Weather system could raise our water level substantially, but it still won’t dent the drought
If any problem has worried Las Vegans more than the economy it’s been the drought. For 10 years Lake Mead’s volume has decreased, dropping it to a 55-year low and increasing speculation that our metropolis is doomed to run out of water.
But, according to a bold new forecast, hope could be on the horizon. El Niño—that mighty precipitation-producing weather pattern—is expected to gather off the Pacific Coast soon and dump snow on the western Rockies. This potentially prodigious runoff into the Colorado River Basin could increase the water level of Lake Mead up to nearly 50 percent over the next two years.
This conclusion—recently published in the American Geophysical Union’s weekly publication, Eos Transactions—was reached by several national institutions, including UNLV, the Bureau of Reclamation in Boulder City and the University of California, Berkeley. It stated that a surplus of 9 to 48 percent of the current water volume could occur, and that it would be enough to last Nevada from three to 18 years.
However, due to the severity of the drought conditions in Las Vegas—once a desert oasis replete with artesian springs—the higher levels in Lake Mead don’t guarantee more water for Las Vegas.
And even with El Niño contributing about two inches of rain in January, a total that topped the amount of precipitation received in the Las Vegas Valley for all of 2009, the long-term forecast is no different.
“If the broader Colorado River Basin has a larger water supply in a particular year, that can create situations where they have surplus for states,” says Tom Piechota, director of UNLV’s Sustainability and Multidisciplinary Research Office and co-author of the study. “But I doubt if a declaration of surplus would happen this year. … I think a take-home message is that these El Niño conditions won’t be enough to get us out of a drought.”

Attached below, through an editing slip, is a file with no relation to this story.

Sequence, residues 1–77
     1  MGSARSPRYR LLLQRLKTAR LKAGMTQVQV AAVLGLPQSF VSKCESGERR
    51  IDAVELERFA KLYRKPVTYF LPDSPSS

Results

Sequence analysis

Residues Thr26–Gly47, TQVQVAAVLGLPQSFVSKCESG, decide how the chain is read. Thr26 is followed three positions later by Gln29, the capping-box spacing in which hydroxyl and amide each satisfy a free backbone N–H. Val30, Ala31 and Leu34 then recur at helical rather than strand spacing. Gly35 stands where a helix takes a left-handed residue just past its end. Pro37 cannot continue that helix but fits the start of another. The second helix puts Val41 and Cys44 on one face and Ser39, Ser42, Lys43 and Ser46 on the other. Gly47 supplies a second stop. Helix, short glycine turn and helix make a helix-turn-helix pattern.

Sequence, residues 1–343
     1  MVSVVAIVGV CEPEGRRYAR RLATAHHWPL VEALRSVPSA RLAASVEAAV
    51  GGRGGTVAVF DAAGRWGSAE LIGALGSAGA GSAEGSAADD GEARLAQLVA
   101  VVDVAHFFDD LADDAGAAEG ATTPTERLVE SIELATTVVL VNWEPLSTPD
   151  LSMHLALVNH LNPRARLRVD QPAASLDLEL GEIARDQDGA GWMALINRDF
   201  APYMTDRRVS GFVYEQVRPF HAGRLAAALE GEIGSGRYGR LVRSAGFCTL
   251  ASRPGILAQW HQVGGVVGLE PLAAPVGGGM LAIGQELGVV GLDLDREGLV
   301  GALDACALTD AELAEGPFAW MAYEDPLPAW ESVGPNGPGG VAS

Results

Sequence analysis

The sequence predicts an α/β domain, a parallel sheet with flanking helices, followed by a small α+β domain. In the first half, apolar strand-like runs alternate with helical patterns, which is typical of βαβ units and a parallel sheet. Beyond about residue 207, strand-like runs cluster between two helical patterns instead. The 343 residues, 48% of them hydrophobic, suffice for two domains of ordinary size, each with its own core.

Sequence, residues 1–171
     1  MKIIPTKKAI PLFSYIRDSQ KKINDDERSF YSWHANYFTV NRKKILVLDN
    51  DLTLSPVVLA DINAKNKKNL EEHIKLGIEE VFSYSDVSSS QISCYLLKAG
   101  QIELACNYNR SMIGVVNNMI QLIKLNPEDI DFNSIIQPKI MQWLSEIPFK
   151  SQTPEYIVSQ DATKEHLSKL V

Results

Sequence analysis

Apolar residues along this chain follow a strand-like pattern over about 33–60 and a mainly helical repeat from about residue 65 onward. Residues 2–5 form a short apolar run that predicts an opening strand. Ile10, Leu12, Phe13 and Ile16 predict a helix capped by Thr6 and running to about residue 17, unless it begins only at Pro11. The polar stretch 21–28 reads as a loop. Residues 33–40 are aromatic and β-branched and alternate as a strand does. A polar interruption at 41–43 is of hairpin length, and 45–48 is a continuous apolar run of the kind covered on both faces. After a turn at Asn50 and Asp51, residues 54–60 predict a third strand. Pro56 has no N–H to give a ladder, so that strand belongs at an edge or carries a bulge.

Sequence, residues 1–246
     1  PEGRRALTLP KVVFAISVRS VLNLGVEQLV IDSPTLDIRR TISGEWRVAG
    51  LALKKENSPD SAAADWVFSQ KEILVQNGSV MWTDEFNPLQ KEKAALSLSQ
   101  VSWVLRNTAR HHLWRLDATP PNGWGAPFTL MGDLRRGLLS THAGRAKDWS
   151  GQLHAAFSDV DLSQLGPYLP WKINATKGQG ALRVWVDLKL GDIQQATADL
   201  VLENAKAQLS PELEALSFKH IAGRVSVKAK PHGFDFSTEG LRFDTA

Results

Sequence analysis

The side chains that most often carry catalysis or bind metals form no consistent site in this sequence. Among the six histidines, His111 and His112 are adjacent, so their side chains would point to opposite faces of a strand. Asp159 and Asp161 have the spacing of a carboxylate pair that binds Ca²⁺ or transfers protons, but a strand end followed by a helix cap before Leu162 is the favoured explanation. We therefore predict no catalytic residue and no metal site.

Researchers analyzed the amount of precipitation during El Niño years of 1972-73, 1982-83 and 1986-87, when there were similar surface water temperatures in the tropical Pacific Ocean to those predicted for the coming El Niño event. If the current conditions, such as snowpack and temperature, prove similar to past years, water levels will indeed rise, says Paul Miller, hydrologic engineer with the Bureau of Reclamation who helped with the research.
While this forecast is optimistic, some researchers still see the lake as half empty.
“When you’re talking about El Niño, it’s like a short-term variation,” said Tim Barnett, a researcher at the Scripps Institution of Oceanography in San Diego. “What we’re talking about is the long-term evolution of water in the Colorado system—not the ups and downs, not the El Niños— just Mother Nature doing her thing.”
Barnett co-authored a study last February that gave Lake Mead a 50 percent chance of drying up by 2021. Then in April, Barnett and Scripps climate scientist David Pierce analyzed the probability of the Bureau of Reclamation delivering the projected amount of water to the desert Southwest through 2050. “We looked to see if water use in the Colorado system was sustainable into the future,” Barnett says. “And the answer was no.”